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All are equal before God

CHENNAI, JULY 14. For a person in deep sleep, the sequences in his dream can have no significance. The vision of a king or a soldier appearing in this state of mind will have no meaning. He cannot identify whether a man he sees is from the so-called upper caste or from lower strata. Can he distinguish between a night and a day while dreaming or whether the object is poor or rich? Likewise, a person walking on Mother Earth's surface may be holy or an evil one but no discrimination is made by Her. Before God all are same as He resides in everyone's heart. Where then can the question of discrimination arise? God is approached by a saint and sinner and He welcomes the former and reforms the latter. These sentiments are contained in the outpourings of a Telugu saint-composer whose personal deity was Lord Srinivasa of Thirumala. On one occasion, some who were then (centuries ago) termed untouchables and who wanted to worship the deity, were denied entry and were driven away. At this juncture, this Vaishnavite saint rendered a song echoing the sentiments as above. While some appreciated his progressive views, a few who were angered, burnt all his compositions. Immediately God restored them and the compositions were etched on copper plates for permanent preservation. Praising God, the saint, a contemporary of Purandara Dasa, sang that a person born here should on some day die and during his stay in this life-drama, of which God is the Director, he should play the role assigned to him properly. The saint-composer was Annamacharya.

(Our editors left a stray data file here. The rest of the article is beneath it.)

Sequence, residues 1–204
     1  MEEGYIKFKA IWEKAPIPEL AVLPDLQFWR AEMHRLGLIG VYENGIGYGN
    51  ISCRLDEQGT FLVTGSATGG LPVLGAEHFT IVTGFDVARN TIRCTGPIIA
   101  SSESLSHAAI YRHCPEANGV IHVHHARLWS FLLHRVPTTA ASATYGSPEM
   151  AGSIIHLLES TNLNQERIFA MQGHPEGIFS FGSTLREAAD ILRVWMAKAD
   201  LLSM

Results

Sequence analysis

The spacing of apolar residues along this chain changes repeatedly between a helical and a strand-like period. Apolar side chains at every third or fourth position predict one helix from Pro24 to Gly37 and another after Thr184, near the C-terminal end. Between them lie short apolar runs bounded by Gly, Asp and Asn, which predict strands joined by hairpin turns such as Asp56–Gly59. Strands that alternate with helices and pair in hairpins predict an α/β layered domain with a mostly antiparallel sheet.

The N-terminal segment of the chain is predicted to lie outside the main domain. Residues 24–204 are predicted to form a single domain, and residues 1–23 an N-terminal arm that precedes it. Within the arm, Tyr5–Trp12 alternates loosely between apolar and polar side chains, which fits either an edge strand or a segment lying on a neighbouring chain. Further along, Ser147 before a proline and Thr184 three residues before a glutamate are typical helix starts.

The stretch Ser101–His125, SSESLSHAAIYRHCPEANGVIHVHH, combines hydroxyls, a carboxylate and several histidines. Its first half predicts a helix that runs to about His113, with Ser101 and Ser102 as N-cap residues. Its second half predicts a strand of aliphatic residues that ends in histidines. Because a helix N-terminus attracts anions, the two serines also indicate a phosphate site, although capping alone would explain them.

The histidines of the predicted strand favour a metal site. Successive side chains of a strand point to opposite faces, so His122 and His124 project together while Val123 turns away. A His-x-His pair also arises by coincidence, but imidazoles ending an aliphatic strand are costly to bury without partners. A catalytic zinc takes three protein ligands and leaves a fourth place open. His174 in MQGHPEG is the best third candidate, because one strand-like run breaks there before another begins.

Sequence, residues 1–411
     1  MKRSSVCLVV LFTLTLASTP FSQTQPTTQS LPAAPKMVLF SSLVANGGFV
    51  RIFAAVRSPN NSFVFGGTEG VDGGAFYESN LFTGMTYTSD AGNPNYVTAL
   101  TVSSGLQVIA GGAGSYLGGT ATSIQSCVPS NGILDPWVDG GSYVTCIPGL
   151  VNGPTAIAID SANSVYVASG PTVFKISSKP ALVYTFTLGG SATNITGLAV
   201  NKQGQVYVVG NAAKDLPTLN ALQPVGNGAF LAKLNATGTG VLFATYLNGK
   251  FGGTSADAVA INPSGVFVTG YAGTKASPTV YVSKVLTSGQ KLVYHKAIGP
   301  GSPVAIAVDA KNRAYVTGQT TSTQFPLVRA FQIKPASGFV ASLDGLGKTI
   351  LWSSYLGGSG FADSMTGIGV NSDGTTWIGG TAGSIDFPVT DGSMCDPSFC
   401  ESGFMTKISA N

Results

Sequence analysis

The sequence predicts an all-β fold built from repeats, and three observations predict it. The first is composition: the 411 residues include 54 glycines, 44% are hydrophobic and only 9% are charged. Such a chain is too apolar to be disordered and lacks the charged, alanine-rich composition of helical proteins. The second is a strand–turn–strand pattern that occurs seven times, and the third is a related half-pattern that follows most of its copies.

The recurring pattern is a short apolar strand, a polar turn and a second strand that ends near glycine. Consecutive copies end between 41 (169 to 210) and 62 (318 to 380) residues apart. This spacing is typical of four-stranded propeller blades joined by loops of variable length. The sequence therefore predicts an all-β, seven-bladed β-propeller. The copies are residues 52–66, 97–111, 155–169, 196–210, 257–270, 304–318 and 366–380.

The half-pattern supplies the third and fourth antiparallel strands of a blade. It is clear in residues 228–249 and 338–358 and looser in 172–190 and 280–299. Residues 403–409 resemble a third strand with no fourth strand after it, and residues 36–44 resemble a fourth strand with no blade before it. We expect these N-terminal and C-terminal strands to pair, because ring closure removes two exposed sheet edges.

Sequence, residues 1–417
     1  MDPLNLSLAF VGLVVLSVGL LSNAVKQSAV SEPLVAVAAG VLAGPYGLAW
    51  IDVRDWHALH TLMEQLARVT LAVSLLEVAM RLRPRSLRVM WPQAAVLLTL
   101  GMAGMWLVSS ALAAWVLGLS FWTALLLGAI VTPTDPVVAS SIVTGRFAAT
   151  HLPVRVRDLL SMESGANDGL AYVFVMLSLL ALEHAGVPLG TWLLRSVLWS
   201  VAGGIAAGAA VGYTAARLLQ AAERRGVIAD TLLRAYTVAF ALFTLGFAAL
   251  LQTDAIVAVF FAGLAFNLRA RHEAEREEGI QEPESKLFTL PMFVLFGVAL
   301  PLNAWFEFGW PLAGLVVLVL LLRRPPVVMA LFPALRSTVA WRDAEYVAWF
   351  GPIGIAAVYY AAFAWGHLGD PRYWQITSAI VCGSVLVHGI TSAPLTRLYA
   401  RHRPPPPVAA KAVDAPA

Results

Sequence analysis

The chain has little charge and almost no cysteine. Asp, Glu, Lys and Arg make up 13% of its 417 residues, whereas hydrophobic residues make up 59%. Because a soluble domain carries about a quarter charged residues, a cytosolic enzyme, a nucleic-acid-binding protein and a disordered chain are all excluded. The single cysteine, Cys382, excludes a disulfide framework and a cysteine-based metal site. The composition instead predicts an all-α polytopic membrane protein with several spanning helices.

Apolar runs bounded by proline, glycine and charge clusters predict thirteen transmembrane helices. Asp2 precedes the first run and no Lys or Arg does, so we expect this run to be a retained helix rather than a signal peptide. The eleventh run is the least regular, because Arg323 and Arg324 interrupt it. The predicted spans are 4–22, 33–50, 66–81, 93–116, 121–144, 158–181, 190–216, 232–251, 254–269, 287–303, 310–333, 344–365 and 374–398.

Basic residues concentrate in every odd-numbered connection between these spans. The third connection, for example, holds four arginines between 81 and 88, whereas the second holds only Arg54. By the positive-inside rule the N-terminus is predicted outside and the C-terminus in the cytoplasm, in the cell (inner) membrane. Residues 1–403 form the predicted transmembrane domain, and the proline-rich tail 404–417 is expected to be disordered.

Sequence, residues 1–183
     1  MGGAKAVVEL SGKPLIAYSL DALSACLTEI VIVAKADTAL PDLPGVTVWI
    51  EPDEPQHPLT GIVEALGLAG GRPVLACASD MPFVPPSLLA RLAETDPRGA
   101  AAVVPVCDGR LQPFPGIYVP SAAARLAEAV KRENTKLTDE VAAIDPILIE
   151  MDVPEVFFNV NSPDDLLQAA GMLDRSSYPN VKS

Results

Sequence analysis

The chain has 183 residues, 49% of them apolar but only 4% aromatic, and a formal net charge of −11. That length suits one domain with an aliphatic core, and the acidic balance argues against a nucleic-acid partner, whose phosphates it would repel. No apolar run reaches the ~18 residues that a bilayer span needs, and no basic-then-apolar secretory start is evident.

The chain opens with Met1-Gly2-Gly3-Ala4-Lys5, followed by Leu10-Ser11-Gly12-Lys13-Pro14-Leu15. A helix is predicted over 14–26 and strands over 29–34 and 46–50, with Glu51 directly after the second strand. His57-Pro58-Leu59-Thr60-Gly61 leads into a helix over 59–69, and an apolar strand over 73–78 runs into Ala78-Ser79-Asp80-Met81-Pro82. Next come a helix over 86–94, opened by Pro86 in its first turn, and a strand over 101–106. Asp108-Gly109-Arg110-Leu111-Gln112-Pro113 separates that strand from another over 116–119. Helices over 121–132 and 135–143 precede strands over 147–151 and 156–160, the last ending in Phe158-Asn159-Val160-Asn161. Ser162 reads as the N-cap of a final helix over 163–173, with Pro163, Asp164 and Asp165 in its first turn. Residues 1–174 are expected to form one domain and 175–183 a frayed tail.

Joining a group of bards, young Annamacharya reached Thirumala, obtained guidance from a holy man in Vaishnava traditions and adored Srinivasa. In the company of pious men, the outlook of an untrained individual will be changed and he too was such a beneficiary. He was commanded by the Lord to render a song a day and in the first, he refers to the Holy Feet of the Lord which brought back Ahalya to life and quelled the arrogance of the giant snake, Kaaliya. The song also is symbolic of God's incarnations and of the process of evolution.

Unfortunately, these spiritual episodes are given a twist and are branded as merely mythological, said Swami Mitrananda in a lecture on Annamacharya's life, contribution to religion and his devotional exuberance. The king, who patronised the composer of Tallapaka, wanted him to sing just one song praising him but the divine messenger declined, for which he was imprisoned. One of the miracles in his life mentions about his prayers to Anjaneya when invaders who looted temples were attacked by monkeys. The theme of his songs is ``surrender.''

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